Curiosity is an emotion related to natural inquisitive behaviour such as exploration, investigation, and learning, evident by observation in human and many animal species.
To me, curiosity is one of the greatest things we as humans have. It feeds you with knowledge and sparks your fantasy, its an emotion that tickles your brain and forces you to explore.
In life its vital to search for new things, new limits, new experiences. Always keep asking questions, because with every answer you find, more questions will arise!
At first this...
Something other then the usual technical posts…
As you might already know, I am an atheist. Yes, in my opinion there is no God, there never was and (probably) never will be.
Being an Atheist with Christian friends I get a lot of questions. Recently a friend of mine asked: “Why do you celebrate Christmas when you are an Atheist?”.
This question, to me, is quite simple. First of all, because it is a tradition. I think its a wonderful holiday. Ask around, what do people think about when you ask them about Christmas?
Recently VMWare, known from its computer virtualization software, has announced they are developing a dual-boot mobile version. This would allow you to run both Windows Mobile and Android on your phone.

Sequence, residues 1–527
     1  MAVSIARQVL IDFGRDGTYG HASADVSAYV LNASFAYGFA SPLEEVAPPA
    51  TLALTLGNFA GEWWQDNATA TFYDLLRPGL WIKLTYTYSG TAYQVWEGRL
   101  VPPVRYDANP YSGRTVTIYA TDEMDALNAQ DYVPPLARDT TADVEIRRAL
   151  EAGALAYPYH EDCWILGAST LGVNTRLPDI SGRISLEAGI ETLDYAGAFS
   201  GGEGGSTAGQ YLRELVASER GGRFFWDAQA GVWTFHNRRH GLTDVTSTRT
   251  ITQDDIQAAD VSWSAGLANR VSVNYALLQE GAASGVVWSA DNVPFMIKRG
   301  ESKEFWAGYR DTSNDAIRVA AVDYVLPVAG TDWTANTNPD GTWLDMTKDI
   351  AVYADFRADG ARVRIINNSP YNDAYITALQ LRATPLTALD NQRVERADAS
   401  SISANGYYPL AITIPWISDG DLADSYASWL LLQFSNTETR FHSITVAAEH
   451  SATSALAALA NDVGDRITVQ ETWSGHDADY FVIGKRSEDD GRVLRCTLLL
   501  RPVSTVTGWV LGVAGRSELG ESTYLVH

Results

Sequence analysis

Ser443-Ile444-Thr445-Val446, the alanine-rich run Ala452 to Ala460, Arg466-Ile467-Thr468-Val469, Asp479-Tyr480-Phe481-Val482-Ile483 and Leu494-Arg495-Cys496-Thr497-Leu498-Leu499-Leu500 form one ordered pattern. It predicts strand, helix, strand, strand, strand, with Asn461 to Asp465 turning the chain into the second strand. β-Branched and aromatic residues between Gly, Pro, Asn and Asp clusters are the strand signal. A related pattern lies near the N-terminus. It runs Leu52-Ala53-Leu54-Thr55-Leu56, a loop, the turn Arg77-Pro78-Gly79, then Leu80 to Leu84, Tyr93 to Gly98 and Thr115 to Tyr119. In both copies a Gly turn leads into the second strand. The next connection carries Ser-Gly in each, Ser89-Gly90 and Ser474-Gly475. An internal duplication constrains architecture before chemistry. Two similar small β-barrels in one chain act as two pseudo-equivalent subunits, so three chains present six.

But it isn’t going to be a dual-boot you know from your computer, they are planning on running the OS’es at the same time. This would allow you to switch between OS on-the-fly.
- You want to use a Windows Mobile app? *click*
- Oh, you want to use something on the Andriod platform? *click*.
I’m very curious how this will work out performance-wise, but the idea itself is...
I’ve just stumbled across a new program: Eureqa
Its a program, developed by the Cornell Computational Synthesis Laboratory, that can detect equations in sets of data. Its primary goal is to identify the simplest mathematical formulas which could describe the underlying mechanisms that produced the data.
Its best described using their instructional video:
I’ve been playing around with it, for example trying to find a good prediction equation for the Son of Darts competition I blogged about earlier.
The algorithm(s) used in this program are based around “symbolic regression”....
What is #songsincode ?
Last week I discovered a new hype on Twitter. The so-called “#songsincode”. It’s a huge hype under programmers and technical users. The best way to explain is probably by showing an example:
This obviously is Paint It Black by the Rolling Stones (if the door is red, paint it black)